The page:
The beginning career of jazz music legend Art Blakey was amazing. He took piano lessons at school. When he was in the seventh grade he played music full-time and was leading a popular band. Not too long after, he started playing drums in the style of such players as Ray Bauduc, Chick Webb and Sid Catlett. He taught himself how to play.
He played with Mary Lou Williams at Kelly’s Stable in 1942. Next, with Fletcher Henderson for the next two years, and he toured with. Art then went to Boston to lead a big band, then joined Billy Eckstine’s band in St. Louis. Art stayed with that band from 1944-1947.
Art was considered to be among jazz music’s finest musicians such as Fats Navarro, Miles Davis and Dexter Gordon. In 1947 when Eckstine’s band broke up, Art started the Seventeen Messengers. He would go on to have several other groups with this same name. He then went to Africa to learn all about Islamic people for over a year. By the 1950’s he performed with Clifford Brown, Miles Davis, Charlie Parker and Horace Silver.
After they performed together many times, he started another group with Horace which included Kenny Dorham, Hank Mobley with the name Jazz Messengers. Horace left a year later. He was the known leader of the band. The Jazz Messengers played hard-bop jazz music. The roots of which were blues music. Hard bop is a mixture of bebop with gospel and soul music. An example of this is his album Moanin’ recorded on Blue Note Records in 1958. They fought hard to keep black people interested in jazz, when the ballroom jazz music disappeared. Many young musicians during the years have been influenced by this style. Jazz musicians such as Keith Jarrett, JoAnne Brackcen, Woody Shaw , Donald Byrd, Delfeayo, Branford and Wynton Marsalis.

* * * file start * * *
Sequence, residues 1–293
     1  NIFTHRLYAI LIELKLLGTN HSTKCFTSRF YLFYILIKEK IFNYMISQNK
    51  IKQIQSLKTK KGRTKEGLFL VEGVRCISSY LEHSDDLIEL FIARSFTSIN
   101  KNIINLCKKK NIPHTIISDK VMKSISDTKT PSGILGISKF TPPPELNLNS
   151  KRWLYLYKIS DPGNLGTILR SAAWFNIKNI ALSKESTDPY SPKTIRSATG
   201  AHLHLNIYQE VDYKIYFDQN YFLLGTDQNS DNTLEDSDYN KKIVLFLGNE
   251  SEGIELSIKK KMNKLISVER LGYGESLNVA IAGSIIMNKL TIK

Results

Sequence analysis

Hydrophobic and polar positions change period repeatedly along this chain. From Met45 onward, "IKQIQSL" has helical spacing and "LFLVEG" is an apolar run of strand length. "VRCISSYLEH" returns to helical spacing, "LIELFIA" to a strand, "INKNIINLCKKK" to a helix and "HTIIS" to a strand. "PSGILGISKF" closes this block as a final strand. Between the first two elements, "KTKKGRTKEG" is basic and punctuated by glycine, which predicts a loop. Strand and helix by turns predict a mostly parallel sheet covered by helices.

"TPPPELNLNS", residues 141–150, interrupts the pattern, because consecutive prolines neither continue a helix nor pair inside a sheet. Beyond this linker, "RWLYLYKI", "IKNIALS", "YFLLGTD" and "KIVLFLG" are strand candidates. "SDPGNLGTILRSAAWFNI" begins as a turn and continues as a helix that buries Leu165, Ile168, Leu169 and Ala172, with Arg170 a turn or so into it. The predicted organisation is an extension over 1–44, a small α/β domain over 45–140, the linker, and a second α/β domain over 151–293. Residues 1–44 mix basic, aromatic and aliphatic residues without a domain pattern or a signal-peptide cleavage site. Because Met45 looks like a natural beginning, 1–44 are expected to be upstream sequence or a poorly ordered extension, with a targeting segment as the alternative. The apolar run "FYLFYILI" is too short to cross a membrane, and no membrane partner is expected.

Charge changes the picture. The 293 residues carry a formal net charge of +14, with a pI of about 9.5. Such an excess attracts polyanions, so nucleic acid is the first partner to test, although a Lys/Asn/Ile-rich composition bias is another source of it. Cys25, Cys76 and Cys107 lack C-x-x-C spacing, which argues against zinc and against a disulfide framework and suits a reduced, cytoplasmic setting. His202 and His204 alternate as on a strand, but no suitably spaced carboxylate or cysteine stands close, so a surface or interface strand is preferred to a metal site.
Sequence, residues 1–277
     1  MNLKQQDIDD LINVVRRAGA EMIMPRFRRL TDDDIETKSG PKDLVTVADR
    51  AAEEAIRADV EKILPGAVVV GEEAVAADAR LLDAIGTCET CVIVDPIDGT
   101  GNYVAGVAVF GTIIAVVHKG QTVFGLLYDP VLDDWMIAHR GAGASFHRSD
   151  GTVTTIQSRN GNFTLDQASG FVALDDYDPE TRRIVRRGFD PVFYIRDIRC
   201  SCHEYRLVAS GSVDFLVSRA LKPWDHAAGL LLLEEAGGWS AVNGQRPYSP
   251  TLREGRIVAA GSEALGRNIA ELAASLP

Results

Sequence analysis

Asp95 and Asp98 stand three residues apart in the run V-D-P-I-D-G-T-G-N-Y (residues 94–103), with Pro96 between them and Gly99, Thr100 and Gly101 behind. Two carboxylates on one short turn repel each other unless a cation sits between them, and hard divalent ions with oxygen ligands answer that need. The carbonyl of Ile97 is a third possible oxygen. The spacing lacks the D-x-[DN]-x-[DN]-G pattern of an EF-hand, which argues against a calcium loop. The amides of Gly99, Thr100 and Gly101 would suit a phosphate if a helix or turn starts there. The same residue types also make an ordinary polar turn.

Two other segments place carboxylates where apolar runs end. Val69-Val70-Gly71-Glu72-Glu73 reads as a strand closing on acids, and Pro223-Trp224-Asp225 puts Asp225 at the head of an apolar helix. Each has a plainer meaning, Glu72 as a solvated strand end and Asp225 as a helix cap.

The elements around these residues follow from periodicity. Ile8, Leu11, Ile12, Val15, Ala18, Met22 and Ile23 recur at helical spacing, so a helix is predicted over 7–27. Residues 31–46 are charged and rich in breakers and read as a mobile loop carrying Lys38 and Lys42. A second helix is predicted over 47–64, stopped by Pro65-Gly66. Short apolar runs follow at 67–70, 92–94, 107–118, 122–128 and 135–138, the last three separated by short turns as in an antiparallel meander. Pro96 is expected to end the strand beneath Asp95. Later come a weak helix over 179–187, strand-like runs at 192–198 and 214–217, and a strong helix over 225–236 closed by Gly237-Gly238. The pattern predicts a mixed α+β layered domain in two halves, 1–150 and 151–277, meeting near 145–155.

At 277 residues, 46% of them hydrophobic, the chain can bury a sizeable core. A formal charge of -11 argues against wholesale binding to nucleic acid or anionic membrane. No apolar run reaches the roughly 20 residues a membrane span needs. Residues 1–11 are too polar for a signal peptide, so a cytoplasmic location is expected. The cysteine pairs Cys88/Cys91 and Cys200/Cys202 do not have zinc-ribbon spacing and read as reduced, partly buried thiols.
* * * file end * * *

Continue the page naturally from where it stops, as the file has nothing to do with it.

In 1971 to 1972, Art world toured with the biggest names in jazz music such as Kai Winding, Dizzy Gillespie and Thelonious Monk. He also performed a lot at the Newport Jazz Festival. The best performance was when he was in a battling performance with Buddy Rich, Max Roach and Elvin Jones in 1974. Art continued to tour nonstop with help from Donald Harrison and Terence Blanchard, along with younger musicians such as Benny Green.
Art never thought of his music as similar to African style, although he did use some of their techniques such as using his elbow on the tom-tom to alter pitch. His trademark, the forced closing of the hi-hat on each second and fourth beat was created in 1950-1951, which many jazz musicians copied.
A major jazz musician and innovative in his drum style, he was unique and performed with power. The way he played was loud and aggressive. The jazz critics basically ignored what he did in the 1960’s. American audiences left him behind in the 1970’s when rock music took over the scene.
He always made time for young jazz musicians, listening to them, and helping them with their jazz music careers.